*Rhode Island named coffee milk its official state beverage in 1993, after a competition with Del’s Lemonade, another Rhode Island specialty.

     

    DAVE’S COFFEE SYRUP

    Dave’s Coffee is a certified organic coffee roaster that operates an espresso bar and bakery in Charlestown, Rhode Island. The coffee syrup is an all natural artisan product made:

  • With real sugar—no HFCS or artificial sweeteners
  • With only its natural color from the beans—no added caramel color
  • In Original, Mocha and Vanilla flavors
  •  
    By contrast Coffee Time, the best-known supermarket brand, is made with high fructose corn syrup, corn syrup, coffee extract, caramel color and potassium sorbate.

    The syrup is made in small batches to ensure quality. Choice Brazilian coffee beans are roasted by hand in a small, gas fired roaster to bring out nutty, sweet, smooth, roasty and smokey flavors. The roasted beans rest for two days; they’re then ground and cold-brewed for 18 hours in a special stainless steel kettle.

    The brewed coffee is mixed with pure cane sugar, brought to a boil and simmered until the syrup reduces and the sugar begins to caramelize. It’s bottled in amber glass, which protects the syrup from light.

    Get yours at DavesCoffeeStore.com.

     

    bottles-duo-230

    Dave’s Coffee Syrup is available in three flavors. Photo courtesy Dave’s Coffee Store.

     

    It’s a great gift idea for coffee-loving moms and dads, and other deserving family and friends.

    If you need a kosher syrup, you can buy Autocrat on Amazon.

      

    Comments

    TIP OF THE DAY: The Difference Between Kefir & Buttermilk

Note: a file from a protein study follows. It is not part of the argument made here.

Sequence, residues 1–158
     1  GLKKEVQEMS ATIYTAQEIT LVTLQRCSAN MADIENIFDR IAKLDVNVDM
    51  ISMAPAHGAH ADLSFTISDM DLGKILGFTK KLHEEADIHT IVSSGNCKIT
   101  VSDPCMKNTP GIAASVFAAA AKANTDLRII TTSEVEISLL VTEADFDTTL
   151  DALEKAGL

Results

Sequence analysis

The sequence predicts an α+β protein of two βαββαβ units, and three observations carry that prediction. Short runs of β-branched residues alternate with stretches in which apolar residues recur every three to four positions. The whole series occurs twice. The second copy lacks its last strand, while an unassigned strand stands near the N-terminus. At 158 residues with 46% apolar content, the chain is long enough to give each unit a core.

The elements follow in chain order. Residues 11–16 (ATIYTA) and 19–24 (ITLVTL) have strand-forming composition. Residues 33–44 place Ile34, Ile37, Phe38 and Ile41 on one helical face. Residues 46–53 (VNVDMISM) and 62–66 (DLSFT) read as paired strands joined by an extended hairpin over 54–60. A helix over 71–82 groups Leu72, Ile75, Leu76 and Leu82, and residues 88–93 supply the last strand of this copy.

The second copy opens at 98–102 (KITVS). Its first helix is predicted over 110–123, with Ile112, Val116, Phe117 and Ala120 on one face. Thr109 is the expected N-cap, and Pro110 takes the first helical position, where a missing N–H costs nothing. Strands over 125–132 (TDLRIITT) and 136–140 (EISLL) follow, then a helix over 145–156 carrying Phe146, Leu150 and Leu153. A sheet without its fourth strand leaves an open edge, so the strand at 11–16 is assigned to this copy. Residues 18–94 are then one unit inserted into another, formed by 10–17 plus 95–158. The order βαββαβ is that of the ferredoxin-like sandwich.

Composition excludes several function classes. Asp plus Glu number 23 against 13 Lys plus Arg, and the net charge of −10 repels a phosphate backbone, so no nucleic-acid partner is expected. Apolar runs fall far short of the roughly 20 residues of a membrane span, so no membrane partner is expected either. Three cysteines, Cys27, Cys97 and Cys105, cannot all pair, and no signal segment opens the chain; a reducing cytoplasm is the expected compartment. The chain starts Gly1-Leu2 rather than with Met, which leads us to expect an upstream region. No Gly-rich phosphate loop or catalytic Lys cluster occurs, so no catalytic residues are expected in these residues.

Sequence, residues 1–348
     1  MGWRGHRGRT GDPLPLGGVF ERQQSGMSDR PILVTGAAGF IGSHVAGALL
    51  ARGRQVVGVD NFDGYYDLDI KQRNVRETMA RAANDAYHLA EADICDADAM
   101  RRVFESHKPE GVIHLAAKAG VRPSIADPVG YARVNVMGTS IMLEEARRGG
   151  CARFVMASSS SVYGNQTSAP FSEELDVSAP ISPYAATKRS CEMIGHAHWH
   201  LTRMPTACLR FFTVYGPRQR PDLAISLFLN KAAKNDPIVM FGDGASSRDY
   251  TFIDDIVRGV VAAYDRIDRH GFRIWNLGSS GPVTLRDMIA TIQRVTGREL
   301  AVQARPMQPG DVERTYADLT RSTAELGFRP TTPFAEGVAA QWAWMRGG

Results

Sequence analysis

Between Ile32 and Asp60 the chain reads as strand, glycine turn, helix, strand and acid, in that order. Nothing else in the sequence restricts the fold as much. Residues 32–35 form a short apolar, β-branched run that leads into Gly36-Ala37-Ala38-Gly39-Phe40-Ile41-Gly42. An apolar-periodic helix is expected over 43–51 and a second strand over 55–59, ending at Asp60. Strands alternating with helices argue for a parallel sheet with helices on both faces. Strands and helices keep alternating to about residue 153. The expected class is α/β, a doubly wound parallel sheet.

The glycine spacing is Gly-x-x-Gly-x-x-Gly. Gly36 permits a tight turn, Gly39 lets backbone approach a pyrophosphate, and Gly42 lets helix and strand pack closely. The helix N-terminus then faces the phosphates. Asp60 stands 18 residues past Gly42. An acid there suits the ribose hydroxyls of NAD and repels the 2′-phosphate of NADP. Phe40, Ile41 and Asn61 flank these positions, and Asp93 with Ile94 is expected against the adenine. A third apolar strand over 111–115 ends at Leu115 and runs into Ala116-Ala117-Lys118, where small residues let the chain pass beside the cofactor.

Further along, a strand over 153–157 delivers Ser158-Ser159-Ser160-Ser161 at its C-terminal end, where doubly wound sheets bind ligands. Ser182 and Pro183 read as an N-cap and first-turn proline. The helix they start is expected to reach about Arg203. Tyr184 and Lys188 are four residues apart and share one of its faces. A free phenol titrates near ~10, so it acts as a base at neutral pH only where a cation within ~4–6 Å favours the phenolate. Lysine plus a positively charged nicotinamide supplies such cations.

“Kefir tastes like buttermilk,” writes a reader. “What’s the difference?

    Both are cultured beverages—meaning that probiotic bacteria cultures are added to ferment fresh milk. But the “recipes” differ significantly. For starters, kefir may contain a dozen or more different bacterial strains and yeast cultures; buttermilk typically contains only one probiotic strain: lactic acid bacteria.

    Kefir (kuh-FEAR, not KEE-fur) is fermented from whole milk using special kefir grains (more about them in a minute). Buttermilk, more formally called cultured buttermilk, is made by fermenting skim milk with lactic acid bacteria, Streptococcus lactis.

    The probiotics enable both beverages to be digested more easily than milk. Both beverages have a yogurt-like tang.

    Modern kefir is made in the original (plain) plus fruit flavors, to capitalize on the popularity of yogurt, and some people think that kefir is “drinkable yogurt.” But the kefir grains and a different fermentation process make it a different recipe from yogurt.

    Both can be drunk straight and used instead of milk or buttermilk in cooking and baking. Some popular uses:

  • To tenderize meat
  • As a leavening agent
  • To make ice cream
  • In smoothies and shakes
  • On cereal
  • As a sourdough starter
  • In salad dressings and sauces
  •  

    buttermilk-cartons-230

    Buttermilk, a staple in great-grandma’s kitchen. Photo courtesy Wisconsin Milk Marketing Board.

     

    Kefir and buttermilk have almost the same number of calories. An eight-ounce serving of kefir has 162 calories, while buttermilk has 150 calories.

     

    evolve-flavors-emilychang-230

    Kefir is available in flavors that make it
    resemble “drinkable yogurt.” Photo by Emily
    Chang | THE NIBBLE.

     

    MAKING KEFIR & BUTTERMILK

    Cultured buttermilk. Before universal pasteurization, butter was made by letting whole milk stand to allow the cream to separate, rising to the surface; the cream would be skimmed off, leaving “skim milk” below. Natural fermentation would occur, souring the milk slightly.

    Today, nonfat (skim) milk is acidified with lactic acid bacteria, which add tartness and cause the formation of more protein. This is why buttermilk is thicker than ordinary milk, and why modern buttermilk, made with added cultures, is called cultured buttermilk.

    Kefir. Kefir is made with kefir grains—colonies of bacteria, yeast, proteins and sugars that resemble tiny buds of cauliflower—that ferment the milk. These granules of active cultures are strained from the fermented milk before it is bottled. Here’s more on how kefir is made, and a photo of the grains.